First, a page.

Political News

Immigration reform bills: Both options headed for failure

Posted June 21, 2018 8:59 a.m. EDT

— The House will vote on two broad immigration proposals Thursday, but barring some major shift in momentum, both of those proposals are headed toward failure.

Despite an all-out blitz from the Trump administration -- including face-to-face entreaties from the President to skeptical House Republicans -- to lock in the votes, there is still significant work to do to get one across the finish line, according to multiple senior aides and lawmakers. That doesn't mean it can't happen, but the path forward wasn't clear as of Wednesday night.

"Closer to cooked than passage," was how one senior aide put it last night.

Bottom line: There will be a real-time, on-the-record display of President Donald Trump's lobbying power on the House floor in a few hours. Yes, it was late in the game, but the administration didn't hedge Wednesday. Amid the outrage and furor over the family separation policy -- and the subsequent effort to mitigate that, they went all in to try and get an immigration bill teetering on failure across the finish line.

By all accounts Republicans enter the day still short of the votes. Here's a simple frame of this day: Does the President have the juice to turn it around on his own?

What the House is actually voting on

This can be confusing, so here you go: The House on Thursday will vote on two bills that overhaul the US immigration system.

The first is a proposal long backed by conservatives that takes a hardline position on dealing with DACA, border security and cutting legal immigration. This is often short-handed as the Goodlatte bill, because of its author conservative Republican Rep. Bob Goodlatte of Virginia.

The second bill was negotiated by moderates, leadership and conservatives over the last few weeks. It provides $25 billion for the border wall and creates a pathway to citizenship for recipients of the Deferred Action for Childhood Arrivals program through visa cuts to other elements of legal immigration, including eliminating the diversity visa lottery and limiting family visas.

Leadership (and the administration) has been whipping the latter very hard over the last few days. They view it as the only bill that has a chance to pass. Yet hardline anti-immigration groups continue to oppose the GOP compromise measure -- and conservatives still aren't convinced the President is behind the bill.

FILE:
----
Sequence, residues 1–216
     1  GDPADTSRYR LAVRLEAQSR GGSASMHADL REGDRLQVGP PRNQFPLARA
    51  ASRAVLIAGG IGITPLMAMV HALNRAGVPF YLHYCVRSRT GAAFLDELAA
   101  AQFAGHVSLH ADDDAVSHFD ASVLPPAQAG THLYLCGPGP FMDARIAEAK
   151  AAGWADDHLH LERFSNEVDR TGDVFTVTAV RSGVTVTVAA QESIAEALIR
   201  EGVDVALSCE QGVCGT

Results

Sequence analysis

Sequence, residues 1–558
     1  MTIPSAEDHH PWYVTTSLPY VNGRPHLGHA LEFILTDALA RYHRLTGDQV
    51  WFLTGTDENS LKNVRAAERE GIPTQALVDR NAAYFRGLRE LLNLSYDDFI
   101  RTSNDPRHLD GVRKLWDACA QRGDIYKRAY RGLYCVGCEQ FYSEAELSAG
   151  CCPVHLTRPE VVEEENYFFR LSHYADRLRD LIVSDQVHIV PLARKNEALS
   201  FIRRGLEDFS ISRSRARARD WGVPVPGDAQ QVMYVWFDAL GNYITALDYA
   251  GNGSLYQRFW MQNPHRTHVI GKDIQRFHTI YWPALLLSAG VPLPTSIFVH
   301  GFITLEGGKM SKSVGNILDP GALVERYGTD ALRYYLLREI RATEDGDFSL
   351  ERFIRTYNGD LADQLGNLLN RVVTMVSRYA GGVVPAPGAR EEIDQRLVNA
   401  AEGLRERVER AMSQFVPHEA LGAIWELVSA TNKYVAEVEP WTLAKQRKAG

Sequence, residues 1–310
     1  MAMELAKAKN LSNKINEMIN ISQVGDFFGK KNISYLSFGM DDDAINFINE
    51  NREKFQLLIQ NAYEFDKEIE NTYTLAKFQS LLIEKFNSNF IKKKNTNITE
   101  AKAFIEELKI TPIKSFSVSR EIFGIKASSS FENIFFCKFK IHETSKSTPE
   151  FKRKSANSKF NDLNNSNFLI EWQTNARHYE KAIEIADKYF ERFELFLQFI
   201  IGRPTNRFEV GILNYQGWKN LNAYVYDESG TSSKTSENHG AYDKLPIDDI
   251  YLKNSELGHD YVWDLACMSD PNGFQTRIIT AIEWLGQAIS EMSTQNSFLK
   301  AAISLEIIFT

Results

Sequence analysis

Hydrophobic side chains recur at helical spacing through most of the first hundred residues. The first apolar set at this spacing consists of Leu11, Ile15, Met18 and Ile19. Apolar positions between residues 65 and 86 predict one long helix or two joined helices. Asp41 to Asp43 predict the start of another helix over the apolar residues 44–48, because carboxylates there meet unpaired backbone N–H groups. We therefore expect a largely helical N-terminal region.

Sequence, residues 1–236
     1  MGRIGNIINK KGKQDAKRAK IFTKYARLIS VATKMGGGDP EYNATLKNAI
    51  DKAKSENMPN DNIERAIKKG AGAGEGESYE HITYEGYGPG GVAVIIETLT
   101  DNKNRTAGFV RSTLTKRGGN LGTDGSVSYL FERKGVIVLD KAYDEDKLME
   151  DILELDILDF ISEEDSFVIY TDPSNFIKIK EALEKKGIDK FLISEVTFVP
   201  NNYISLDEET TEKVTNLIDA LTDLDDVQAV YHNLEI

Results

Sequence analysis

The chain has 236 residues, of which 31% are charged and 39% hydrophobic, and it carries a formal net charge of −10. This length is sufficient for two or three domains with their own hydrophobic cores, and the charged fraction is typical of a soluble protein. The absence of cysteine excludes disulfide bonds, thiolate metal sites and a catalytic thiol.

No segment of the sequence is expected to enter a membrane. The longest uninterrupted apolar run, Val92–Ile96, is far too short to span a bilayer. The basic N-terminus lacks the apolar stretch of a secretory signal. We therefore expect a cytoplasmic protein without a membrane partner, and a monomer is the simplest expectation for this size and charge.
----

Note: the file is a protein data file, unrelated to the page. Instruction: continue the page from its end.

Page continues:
Add moderates wary of the cuts to legal immigration the "compromise" measure includes, and voila -- there's your vote count problem.

So can the GOP compromise bill pass? Yes, it's possible. It just looks like a very, very heavy lift in a very, very short period of time.

Will leadership pull the bills if the votes are going to fail? Sounds like no, according to multiple aides. We'll see, but more than anything, the mood I've picked up from Republicans across the chamber is they just want to have the votes and move on, pass or fail.

Reality quote: A conservative House lawmaker, who hadn't decided whether he was going to vote for the "compromise" version of the bill, when asked why not given the President supports it: "Does he really though?"

Heated moment on the floor

So how are things really going? Well, one needed only to look to the well of the House floor a little before 4:30 p.m. ET on Wednesday afternoon. There, Speaker Paul Ryan and Rep. Mark Meadows were, in plain sight, in the midst of a very heated argument about the process and bills being considered. Meadows is, of course, the head of the Freedom Caucus, the group of conservatives that has long been the bane of leadership's existence and has the power to sink anything on their own.